At what age did you start at OC?
I began OC at age 5 and left when I was nearly 8. I was there full-time.
[Editor: This was as far as OC programs went at that time.]
What led you to OC?
My parents selected OC after meeting with Susan and Peter [OC Co-Founders]. I have two older siblings, but my parents correctly observed that my learning style was very different. They wanted an environment where I could have the freedom to grow in whatever direction I needed and wanted to.
What have you been up to since OC?
I attended St. Albans School in Washington, DC, and then went to Bowdoin College in Brunswick, ME, where I earned a degree in English. I did graduate work at Drexel University before completing medical school and general surgery training at the Philadelphia College of Osteopathic Medicine. I went on to a fellowship in Trauma and Surgical Critical Care at Emory University in Atlanta, GA, and have recently taken a job in Columbia, SC, working with the University of South Carolina in their trauma division.
How did OC impact you? What did you find useful?
OC was a wonderful and nurturing place. I learned to grow, and I wasn't simply put in a chair and told that I needed to be at the same level as everyone else in the classroom. I developed certain skills early, while others came at a later time. As I am now grown and have two young children of my own, I appreciate that different children learn at different rates—some benefit from more structure, and some not so much. After a few years in the OC environment—and then I went on to a similar school called Child Works—I was ready for structure, and in some ways eager for it. And I excelled. But I know that if I had been introduced to that same structure earlier that things would not have turned out as they did.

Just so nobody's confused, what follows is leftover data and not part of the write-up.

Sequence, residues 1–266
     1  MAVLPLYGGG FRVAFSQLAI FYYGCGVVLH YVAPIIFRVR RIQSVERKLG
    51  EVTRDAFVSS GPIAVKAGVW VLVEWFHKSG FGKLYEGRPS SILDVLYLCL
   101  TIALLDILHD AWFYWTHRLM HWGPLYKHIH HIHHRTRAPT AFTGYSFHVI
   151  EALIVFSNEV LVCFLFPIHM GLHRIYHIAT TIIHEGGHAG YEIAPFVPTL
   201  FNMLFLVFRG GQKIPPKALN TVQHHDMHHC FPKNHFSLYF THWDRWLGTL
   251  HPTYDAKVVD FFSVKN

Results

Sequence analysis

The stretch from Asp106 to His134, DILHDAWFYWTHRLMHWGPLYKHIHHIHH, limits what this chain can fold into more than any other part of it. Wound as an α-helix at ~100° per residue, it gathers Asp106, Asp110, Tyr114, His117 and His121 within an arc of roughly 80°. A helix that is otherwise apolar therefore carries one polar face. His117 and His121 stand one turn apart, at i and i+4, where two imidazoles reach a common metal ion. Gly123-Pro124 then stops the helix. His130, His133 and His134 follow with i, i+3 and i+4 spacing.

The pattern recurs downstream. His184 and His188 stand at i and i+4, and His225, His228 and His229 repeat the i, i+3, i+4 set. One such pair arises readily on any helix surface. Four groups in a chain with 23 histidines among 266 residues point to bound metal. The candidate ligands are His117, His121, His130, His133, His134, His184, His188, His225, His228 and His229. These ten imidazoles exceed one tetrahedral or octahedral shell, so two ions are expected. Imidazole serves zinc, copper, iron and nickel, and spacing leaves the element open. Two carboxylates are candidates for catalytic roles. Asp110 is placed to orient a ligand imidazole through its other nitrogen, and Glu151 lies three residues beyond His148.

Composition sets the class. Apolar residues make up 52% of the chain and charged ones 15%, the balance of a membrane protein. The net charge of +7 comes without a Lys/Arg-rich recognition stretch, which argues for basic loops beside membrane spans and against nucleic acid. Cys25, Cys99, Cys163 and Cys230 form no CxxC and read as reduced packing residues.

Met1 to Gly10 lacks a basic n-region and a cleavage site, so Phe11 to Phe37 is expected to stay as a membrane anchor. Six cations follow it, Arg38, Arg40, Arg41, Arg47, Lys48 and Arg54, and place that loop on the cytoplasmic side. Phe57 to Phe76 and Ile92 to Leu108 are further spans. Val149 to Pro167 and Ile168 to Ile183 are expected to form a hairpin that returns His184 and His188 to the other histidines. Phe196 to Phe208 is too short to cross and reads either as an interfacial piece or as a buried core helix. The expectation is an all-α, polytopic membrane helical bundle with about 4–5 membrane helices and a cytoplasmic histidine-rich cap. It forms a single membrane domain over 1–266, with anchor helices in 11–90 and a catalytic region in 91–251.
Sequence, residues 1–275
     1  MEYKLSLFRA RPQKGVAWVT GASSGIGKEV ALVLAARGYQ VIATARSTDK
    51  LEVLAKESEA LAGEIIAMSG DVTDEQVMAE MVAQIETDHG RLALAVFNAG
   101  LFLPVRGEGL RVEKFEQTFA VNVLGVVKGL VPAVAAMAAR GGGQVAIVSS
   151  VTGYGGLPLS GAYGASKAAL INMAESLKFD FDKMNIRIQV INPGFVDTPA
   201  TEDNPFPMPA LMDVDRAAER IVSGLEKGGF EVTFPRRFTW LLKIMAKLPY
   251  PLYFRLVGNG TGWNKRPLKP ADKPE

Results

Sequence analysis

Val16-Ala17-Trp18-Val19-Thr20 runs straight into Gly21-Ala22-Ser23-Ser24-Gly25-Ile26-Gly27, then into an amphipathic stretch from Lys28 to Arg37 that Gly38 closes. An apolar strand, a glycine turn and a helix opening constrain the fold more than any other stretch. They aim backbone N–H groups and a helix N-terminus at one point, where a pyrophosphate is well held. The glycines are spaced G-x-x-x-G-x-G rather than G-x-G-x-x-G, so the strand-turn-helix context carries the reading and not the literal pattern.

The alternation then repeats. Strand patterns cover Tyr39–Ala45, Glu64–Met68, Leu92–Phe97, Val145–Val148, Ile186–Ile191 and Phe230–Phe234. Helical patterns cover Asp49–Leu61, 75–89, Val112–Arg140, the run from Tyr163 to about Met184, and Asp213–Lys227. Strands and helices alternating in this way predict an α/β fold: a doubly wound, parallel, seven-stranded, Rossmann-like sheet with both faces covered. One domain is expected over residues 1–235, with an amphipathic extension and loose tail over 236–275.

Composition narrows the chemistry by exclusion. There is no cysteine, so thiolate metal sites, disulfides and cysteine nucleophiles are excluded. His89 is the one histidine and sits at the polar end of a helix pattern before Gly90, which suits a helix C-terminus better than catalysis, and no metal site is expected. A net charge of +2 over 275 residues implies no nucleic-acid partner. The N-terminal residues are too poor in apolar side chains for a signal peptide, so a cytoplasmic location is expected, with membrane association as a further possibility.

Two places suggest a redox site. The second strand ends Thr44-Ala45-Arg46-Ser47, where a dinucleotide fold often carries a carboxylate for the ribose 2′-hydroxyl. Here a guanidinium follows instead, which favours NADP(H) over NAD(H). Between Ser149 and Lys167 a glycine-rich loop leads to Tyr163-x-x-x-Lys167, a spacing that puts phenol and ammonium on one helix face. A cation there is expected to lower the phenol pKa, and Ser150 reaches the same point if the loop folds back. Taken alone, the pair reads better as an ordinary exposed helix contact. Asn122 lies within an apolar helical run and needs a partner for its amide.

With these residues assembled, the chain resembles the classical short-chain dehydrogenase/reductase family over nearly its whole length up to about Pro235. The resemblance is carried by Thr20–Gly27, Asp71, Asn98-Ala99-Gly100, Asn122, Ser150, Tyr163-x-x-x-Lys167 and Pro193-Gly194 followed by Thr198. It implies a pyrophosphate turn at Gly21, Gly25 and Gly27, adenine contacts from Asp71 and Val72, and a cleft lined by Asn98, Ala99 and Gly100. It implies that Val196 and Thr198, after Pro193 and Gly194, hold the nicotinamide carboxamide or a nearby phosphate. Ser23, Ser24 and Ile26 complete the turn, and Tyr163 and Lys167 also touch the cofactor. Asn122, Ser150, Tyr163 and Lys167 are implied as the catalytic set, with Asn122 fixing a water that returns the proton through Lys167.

The biggest thing that OC taught me was that youth are ready for different things at different times in their development. I was a good example of this—I wasn't ready to read at a young age but was ready to develop my mind in other ways. It was that freedom of growth that allowed me to stay interested in education—something that continues to this day.
My son and daughter are very different in the way they learn. My daughter is much more in the Open Connections mold. She develops at her own pace and in her own ways, and seems to thrive with that freedom. By contrast my son is somebody who thrives in a much more structured environment. When given too much freedom or leeway he tends to regress in all areas of his behavior. When we offered him a more structured environment he excelled not only in all areas of his academic development but also in his general happiness toward schooling.
There is not a school like Open Connections where we live. Our son and daughter are in very different types of schools. My son is in one that offers more structure while my daughter is in a more open environment. Both are thriving in their own unique ways. I think the thing that I have gained most from my experience at Open Connections is this openness towards finding the right educational environment for the right child, rather than forcing the child into a universal educational mold.
What would you have changed about OC?
What would I have changed...only that I could have spent more time there!